At one of the other neighborhood meetings, schools was a topic. Greenville County School District confirmed that any children will attend East North Street Academy, Greenville Middle, and Greenville High.

We cannot possibly cover all of the information and questions from the meeting. We would encourage you to attend the upcoming public meeting to learn the latest plans. We will keep you posted on when and where that meeting will take place. Should you have questions, suggestions, concerns or comments (which were not brought up that night) you can address them to Tori Wallace at twallace@crhsc.comhide For information and a copy of the brochure on North Pointe, go to this website and click on brochure and master plan.

One More Membership Renewal Reminder

renewOne more time….have you renewed your membership for 2015? If you lost your form or forgot, you can renew via Paypal or print a form from our website www.northmaincommunity.org/membership. If you need additional decals for your car or business, or have just joined and did not receive one, please email membership secretary, Leah Tollison, at leahtollision@gmail.com and she can help you. Additional decals are $5 each and the proceeds go into a special beautification fund. Some at the social did not have money and were going to send in their dues. Please do that today…if you do not renew, this will be your last newsletter. Thanks!

Crime Update

For those who did not receive the email or do not use Facebook, a member informed us that several cars (reportedly 5 or 6) were broken into the night of July 31 on East and West Montclair. An E. Montclair resident also had their home broken into while they were sleeping and a purse, cash and credit cards were stolen. In addition, we also heard Ashley Avenue was hit hard. The thief left his shirt in one car and managed to find time to smoke a cigarette. Forensics took all that and prints from the car. The police are pretty sure it was the same guy. According to the resident, the thief went across the street and stole a truck. It wound up totaled in Spartanburg. The guy walked away and was reportedly hit by a car. The officer here told them they have him in custody. He stole the car and broke into theirs around 7:00-7:30 am.

Reportedly this happened on Randall a month or so ago! A residents’ security camera caught him breaking into the neighbor’s car and then walking across the street to sit on their front porch and smoke!

Folks, these thieves are getting very bold, breaking in and stealing valuables in broad daylight. Not to belabor the issue, but we all need to make sure we are not making ourselves vulnerable, and watch out for each other. If you see anything suspicious, call the police. You are not bothering them. If they don’t know, they can’t do anything.

Call for Nominations – 2016 NMCA Board

In accordance with the by-laws, this is the first call for nominations for the 2016 NMCA Board of Directors. All officers must reside within the geographical boundaries of the NMCA for the entire period they hold office, Jan. 1 – Dec. 31, 2016. All officers must be 18 years or older. The President and Vice President may serve 2 consecutive terms and may then run for any office other than the one currently held. The Treasurer, Recording Secretary and Membership Secretary will be able to succeed her or himself as elected by the members.   Any member may nominate someone for office. The nomination must be submitted no later than November 1. You may email the nomination to northmaincomm@gmail.com or mail to PO Box 571, Greenville, SC 29602. The person nominated must agree to serve if elected and a brief statement of their qualifications and past contributions would be helpful. Election ballots will be emailed or mailed to all members in late November.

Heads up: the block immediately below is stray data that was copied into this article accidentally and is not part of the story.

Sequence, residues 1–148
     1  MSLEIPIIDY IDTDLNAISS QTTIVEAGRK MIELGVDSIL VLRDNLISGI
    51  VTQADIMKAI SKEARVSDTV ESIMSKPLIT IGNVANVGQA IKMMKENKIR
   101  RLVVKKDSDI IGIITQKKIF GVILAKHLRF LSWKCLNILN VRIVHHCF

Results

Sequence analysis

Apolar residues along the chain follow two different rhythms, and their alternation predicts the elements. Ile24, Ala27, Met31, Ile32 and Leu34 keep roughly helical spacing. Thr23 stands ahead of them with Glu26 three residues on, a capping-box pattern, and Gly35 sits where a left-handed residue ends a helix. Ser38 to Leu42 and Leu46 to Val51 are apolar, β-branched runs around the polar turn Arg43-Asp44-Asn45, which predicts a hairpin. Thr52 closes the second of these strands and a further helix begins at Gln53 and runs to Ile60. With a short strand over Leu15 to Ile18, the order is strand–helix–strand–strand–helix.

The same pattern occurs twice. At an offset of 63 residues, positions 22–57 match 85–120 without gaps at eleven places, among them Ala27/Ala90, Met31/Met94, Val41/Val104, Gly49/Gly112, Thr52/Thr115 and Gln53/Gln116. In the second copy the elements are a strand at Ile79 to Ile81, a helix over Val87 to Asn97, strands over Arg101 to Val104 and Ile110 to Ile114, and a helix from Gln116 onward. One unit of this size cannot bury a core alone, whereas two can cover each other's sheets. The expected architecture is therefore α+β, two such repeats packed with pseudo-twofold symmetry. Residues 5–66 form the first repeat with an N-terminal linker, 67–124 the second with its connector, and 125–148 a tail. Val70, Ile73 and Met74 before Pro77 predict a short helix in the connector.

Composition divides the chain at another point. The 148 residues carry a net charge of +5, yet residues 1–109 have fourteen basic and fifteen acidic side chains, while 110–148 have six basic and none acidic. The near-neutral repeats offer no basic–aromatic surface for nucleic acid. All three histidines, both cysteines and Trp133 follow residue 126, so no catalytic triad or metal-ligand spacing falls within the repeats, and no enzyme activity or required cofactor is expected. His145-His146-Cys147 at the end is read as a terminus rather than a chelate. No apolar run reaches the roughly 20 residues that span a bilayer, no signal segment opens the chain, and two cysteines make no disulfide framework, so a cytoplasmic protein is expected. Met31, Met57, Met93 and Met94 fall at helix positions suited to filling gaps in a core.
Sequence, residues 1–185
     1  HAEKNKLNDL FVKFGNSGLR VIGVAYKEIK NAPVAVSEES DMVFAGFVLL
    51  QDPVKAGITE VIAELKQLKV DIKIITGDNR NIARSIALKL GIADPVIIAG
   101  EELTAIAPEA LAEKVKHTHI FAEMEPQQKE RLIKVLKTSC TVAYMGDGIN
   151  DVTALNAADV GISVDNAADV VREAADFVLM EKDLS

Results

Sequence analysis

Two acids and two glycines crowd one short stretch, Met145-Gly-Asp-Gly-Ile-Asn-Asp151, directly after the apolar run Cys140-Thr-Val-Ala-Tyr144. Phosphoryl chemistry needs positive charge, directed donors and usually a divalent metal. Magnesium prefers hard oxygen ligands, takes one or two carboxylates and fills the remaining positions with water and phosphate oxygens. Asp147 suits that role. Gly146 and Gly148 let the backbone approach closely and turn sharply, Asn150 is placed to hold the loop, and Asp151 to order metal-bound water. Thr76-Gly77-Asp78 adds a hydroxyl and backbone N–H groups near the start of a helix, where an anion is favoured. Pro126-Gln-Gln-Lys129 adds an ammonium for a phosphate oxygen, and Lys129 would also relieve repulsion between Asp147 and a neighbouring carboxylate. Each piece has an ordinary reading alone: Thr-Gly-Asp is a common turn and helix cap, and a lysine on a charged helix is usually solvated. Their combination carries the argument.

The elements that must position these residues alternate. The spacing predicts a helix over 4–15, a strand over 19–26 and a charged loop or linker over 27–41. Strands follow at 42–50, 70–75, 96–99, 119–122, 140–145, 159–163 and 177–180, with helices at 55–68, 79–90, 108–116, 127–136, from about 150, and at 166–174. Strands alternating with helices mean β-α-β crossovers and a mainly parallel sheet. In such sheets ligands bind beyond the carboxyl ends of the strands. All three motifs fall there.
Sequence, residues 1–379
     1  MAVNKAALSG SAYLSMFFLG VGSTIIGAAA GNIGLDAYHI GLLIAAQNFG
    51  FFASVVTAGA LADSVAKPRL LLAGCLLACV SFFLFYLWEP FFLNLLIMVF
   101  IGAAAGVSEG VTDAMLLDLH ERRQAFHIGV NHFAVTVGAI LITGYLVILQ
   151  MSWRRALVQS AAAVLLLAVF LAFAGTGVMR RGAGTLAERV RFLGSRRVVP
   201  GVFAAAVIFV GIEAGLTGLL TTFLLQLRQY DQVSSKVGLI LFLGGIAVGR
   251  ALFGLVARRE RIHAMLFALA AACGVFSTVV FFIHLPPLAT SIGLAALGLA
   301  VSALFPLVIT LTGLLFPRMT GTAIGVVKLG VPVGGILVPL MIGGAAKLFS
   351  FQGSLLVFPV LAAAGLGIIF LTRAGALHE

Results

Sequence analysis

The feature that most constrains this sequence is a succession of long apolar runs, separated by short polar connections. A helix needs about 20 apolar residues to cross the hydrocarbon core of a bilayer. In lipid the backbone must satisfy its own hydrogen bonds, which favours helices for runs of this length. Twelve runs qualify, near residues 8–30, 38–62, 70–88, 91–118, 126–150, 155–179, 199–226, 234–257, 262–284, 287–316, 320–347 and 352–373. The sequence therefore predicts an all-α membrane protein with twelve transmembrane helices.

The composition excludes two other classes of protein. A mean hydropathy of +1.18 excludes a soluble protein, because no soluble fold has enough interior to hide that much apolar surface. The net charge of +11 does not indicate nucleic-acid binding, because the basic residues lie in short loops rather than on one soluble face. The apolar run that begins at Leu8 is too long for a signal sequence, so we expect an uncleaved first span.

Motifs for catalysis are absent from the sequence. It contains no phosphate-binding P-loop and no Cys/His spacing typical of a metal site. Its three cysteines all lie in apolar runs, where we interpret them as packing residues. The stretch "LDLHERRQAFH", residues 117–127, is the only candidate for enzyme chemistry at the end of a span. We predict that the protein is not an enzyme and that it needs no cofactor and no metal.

Weather Tidbits

According to climate data, the average maximum temperature for Greenville in August is 89°F, and the average low is 69°F. The average rainfall for the month is 4.48”. The maximum high was 105 on August 10, 2007. The maximum low temperature was 78 on August 11 & 16, 2007 & 1995. The minimum high temperature was 61 on August 21, 1949 and August 27, 1944. The minimum low was 50 on August 29 & 30, 1905. Maximum precipitation (rain) in a 24 hour period was 9.32” on August 26, 1995. Records are from 1884 to Present.  Normals are from 1981 to 2010.   http://www.dnr.sc.gov/climate/sco/index.php .

Don’t forget, we are still in Hurricane season, approaching the more active period. Based on lowest atmospheric pressure, the five most intense U.S. hurricanes have all made landfall in a 17-day period between Aug. 17 and Sept. 2. This 17-day period is just a 9-percent slice of the entire Atlantic hurricane season, which spans six months from June 1 to Nov. 30 each year. These hurricanes also struck before the Sept. 10 climatological peak of the hurricane season. They include Camille (1969), Indianola 1886 in Texas), Andrew (1992) Katrina (2005), and the Labor Day Storm of 1935. These were the most intense, not the deadliest. http://www.weather.com/storms/hurricane/news/hurricane-season-not-so-sweet-spot-20130822

maxWe are officially in the ‘dog days of summer’ and it definitely feels like it! Originally the phrase actually had nothing to do with dogs, or even with the lazy days of summer. Instead, it turns out, the dog days refer to the dog star, Sirius, and its position in the heavens. To the Greeks and Romans, the “dog days” occurred around the day when Sirius appeared to rise just before the sun, in late July. They referred to these days as the hottest time of the year, a period that could bring fever, or even catastrophe. So, did the Greeks get it right? Are the dog days, around when Sirius rises, really the hottest days of the year?   Well, no. Although July and August are generally known as the hottest months of the year in the Northern Hemisphere, the hottest period can vary from year to year. And depending on your latitude, the astronomical dog days can come at different times. http://news.nationalgeographic.com/2015/07/150710-dog-days-summer-sirius-star-astronomy-weather-language/